- ItemCommunity based tourism initiatives and sustainable tourism development : a case of Mwaluganje Elephant sanctuary in Kwale County, Kenya.(Strathmore University, 2014) Musila, Paul; Kihima, Boniface; Kariuki, AlbertSustainable tourism refers to tourism development that meets the needs of present visitors and hosts while protecting and enhancing opportunities for the future. It emphasizes the balance between environmental, social, and economic aspects of tourism. The development of Community Based Tourism Initiatives (CBTIs) in the 1990s was fundamentally based on their potential to enhance local community support for the conservation agenda. However, for the model to be sustainable, they must provide better returns environmentally, socially and economically to the community. The purpose of this conference paper is to illustrate whether Mwaluganje Elephant Sanctuary (MES) was sustainably developed, as a business entity and as a community initiative. The paper findings show that that the formation of MES led to a reduction in the quality and quantity of natural resource available to the landowners and that the current resources are unsustainable. Both plant and animal diversity/populations have been noted to have reduced in MES due to illegal logging, invasive species, poaching and browsing by elephants. Landowners are unsatisfied with the benefits derived from the MES, due to low income generation and economic linkages. The paper recommends that landowners be educated on alternative livelihoods, and tourism product improvement activities in MES be supported by the government and community be involved in their implementation.
- ItemEco-tourism as a strategy for biodiversity conservation in Rwanda(Strathmore University, 2014) Wanyera, FrancisBiological diversity or biodiversity is a term used to describe the variety of life on Earth. It includes plants, animals and other organisms. On the other hand ecotourism has emerged as one of the fastest-growing sectors of the tourism market, influenced primarily by public demand for undegraded environments. It is a form of alternative tourism which aims to achieve economic gain through biodiversity preservation. Not only that, ecotourism represents a small segment of nature-tourism that involves travel to relatively undisturbed or uncontaminated natural areas. When planned properly, ecotourism can integrate conservation of biodiversity with socio-economic development of local communities. It implies that eco-tourism can minimize or even avoid most negative effects, if properly handled, managed and controlled. There is a broad consensus amongst researchers that eco-tourism can be used as a tool of biodiversity conservation but should be fully compatible with conservation goals. The aim of the study is to determine how eco-tourism can be used as a strategy for biodiversity conservation. It is not clear if ecotourism can have significant negative impacts when poorly planned and managed including severe environmental degradation. For the case of Rwanda the problem may be attributed to factors like high population pressure which has led to over-exploitation of biodiversity, expansion of intensive agriculture, deforestation, habitat loss and wetland degradation. The case study will be Volcanoes National Park and the research methodology will involve descriptive research design as well as use of qualitative and quantitative methods together with primary and secondary data. Data collection will be by use of questionnaires, interview guide and observation. Analysis of data will be done by use of statistical and explanatory methods.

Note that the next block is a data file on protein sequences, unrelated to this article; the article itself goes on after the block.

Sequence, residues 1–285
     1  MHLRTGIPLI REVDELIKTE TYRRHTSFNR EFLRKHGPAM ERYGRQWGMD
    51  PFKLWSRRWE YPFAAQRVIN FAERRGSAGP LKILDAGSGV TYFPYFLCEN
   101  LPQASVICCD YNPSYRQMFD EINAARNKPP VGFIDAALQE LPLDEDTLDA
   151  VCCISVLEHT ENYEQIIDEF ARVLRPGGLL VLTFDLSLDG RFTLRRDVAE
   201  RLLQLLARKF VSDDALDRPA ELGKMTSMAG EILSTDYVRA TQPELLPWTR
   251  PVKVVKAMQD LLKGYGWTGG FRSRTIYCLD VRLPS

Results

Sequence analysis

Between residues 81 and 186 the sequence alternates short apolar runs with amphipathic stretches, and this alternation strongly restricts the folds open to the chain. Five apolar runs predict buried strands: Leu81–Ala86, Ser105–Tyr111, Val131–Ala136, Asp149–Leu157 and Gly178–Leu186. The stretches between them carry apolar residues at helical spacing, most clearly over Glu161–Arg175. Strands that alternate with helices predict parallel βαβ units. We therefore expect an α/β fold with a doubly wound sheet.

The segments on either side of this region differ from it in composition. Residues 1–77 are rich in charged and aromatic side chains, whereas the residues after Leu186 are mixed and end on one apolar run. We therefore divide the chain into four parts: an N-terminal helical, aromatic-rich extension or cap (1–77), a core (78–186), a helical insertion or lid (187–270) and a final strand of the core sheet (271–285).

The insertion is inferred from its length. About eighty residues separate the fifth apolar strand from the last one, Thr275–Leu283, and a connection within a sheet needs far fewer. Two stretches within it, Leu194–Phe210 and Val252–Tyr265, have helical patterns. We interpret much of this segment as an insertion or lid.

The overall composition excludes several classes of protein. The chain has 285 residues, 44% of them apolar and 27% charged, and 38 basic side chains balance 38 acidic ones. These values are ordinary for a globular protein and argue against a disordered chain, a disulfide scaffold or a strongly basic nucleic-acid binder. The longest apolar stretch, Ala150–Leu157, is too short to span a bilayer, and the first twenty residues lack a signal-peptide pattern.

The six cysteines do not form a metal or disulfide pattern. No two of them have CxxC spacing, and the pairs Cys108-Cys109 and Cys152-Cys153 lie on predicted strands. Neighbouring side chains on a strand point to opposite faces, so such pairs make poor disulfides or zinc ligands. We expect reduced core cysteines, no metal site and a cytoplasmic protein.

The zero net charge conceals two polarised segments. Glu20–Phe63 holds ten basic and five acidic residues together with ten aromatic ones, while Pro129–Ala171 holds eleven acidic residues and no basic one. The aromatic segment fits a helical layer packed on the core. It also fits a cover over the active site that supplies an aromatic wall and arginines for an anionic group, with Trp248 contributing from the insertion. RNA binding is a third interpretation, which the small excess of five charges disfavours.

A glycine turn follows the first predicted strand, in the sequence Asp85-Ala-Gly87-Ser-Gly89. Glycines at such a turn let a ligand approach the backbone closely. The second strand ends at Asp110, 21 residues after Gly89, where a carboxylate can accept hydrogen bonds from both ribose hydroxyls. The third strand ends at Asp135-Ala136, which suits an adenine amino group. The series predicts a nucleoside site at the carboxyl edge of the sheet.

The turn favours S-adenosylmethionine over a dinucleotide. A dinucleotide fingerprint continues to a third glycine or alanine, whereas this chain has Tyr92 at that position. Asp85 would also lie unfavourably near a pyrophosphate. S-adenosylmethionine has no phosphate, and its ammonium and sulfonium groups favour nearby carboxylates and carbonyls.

- ItemTourism as a shared income earner : towards a viable community based tourism initiatives (CBTIs)(Strathmore University, 2014) Kihima, BonfaceTourism in Kenya has spurred sectorial growth in diverse sectors of the economy with concomitant increase in living standards and the overall economic growth and development. However, income from tourism has rarely been shared out proportionately. Of notable concern is the multiplication of Community Based Tourism Initiatives (CBTIs) which have been proposed largely as a means by which tourism‟s receipts can be shared out with the local community. Through several examples in Kenya, this paper shows that some of these projects experience low visitations and inadequate income generation. This paper therefore puts into perspective the whole aspect of community participation in tourism activities as a means sharing revenue. Secondly, it seeks to delve into the performance of these initiatives with regard to visitor numbers and income generation and thirdly, to identify the means through which tourism can become an effective means of sharing income with the local communities. The paper concludes that, the lack of link between community projects and tourist market remains a periodic challenge. Moreover, for the sustainability of these projects, such initiatives must be anchored in transparency and must gain confidence from all involved.
- ItemSustainability of park branding as a vision 2030 policy initiative in tourism sector in Kenya(Strathmore University, 2014) Maingi, Shem; Ondigi, Alice; Wadawi, Joseph KibuyeThis paper is concerned with discerning the efficacy of park branding as a tourism policy initiative and assessing its impacts in influencing tourist choice behaviour. The study was undertaken by way of a Survey of local and international travellers visiting a clustered sample of branded national parks in Kenya during the period August – December 2013. Data were analysed using Structural Equations Modelling (SEM) approach. A structural equations model (SEM) was estimated including latent constructs and their manifest indicators. On overall, the results were indicative of a need that the park brand‟s perception and personality and (or) uniqueness be revealed better through marketing concepts that are linked to historical, ecological, socio-cultural values of the park and the adjacent communities. In this way, the park‟s brand personality could positively influence choice behaviour of targeted market segments. The study contributes with significant policy implications on the way forward on sustainable park brand management and marketing as well as in understanding tourist choice behaviour in Kenyan context.